Anyway, you may find a water fall with a tube with water flowing out at about 12.5 km from HOAG along Genting Sempah stretch. At the Janda Baik stretch, I also spotted 2 places with water flowing out from the streams. 

I actually stopped at these 2 places to have my water replenished!! :)

at 12.5 km from HOAG - stream of water with a pipe for easy drinking.

Yohoo! This is the "natural" water station! Self service!
Another water station at Janda Baik. Can you see the little stream / water coming out from the jungle along the rock on the top right of this photo? Refreshing natural mineral water! :)

Completion of first non-race 42 km full marathon training

4 of us ran together at beginning. After which, we followed our own pace. I stopped by several places to take photos, and replenishing my water as well as catching up with cyclist friend at the Genting Sempah Bridge. 

The 42 km full marathon route was rather tough!! 

Even with 15 km downhill all the way to reach the finish line (Hospital Orang Asli Gombak), by then my legs were so painful after 15 km uphill, 6 km down hill and 6 km uphill.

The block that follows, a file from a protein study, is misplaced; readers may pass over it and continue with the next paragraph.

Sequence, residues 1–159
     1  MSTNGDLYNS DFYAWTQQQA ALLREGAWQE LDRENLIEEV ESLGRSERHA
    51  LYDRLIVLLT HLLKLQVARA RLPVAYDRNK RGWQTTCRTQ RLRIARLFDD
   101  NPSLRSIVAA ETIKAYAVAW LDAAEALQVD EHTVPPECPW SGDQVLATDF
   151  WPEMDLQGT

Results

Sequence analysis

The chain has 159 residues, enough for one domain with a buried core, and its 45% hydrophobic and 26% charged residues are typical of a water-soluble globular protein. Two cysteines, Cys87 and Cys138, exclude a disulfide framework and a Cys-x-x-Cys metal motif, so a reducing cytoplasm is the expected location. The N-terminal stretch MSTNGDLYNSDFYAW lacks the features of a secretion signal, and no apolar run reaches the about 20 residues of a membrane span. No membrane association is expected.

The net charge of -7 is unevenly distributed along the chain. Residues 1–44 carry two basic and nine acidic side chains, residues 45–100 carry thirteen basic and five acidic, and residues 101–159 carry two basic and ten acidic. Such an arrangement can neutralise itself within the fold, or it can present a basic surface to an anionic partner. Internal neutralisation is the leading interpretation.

I finished my first every non-race, self-support full marathon training with a time of 4:18:32 at an average pace of 6:09 min/km and a total of 1,578 m (5,177 feet) elevation gained. I didn't calculate the time I rested, chit chatted, took selfie and photos. :) If I didn't my finish time would have been longer. sob! sob! I didn't manage to achieve my targeted average pace of 6:00 min/km. But I guess it's okay! At least I managed to complete the 42 km full marathon run as part of the training for next month's first 50 km ultra.


Garmin Vivoactive!


Do I love this route? Yes, most definitely. And I would recommend to anyone who loves hill training to try out this route. 

You too can have your own self-support Genting Sempah - Janda Baik Hill Marathon!! It's free registration! haha! But beware of the killer hills!! 

Enjoy the run!


Written by Vincent Khor on Mar 22, 2017

vincent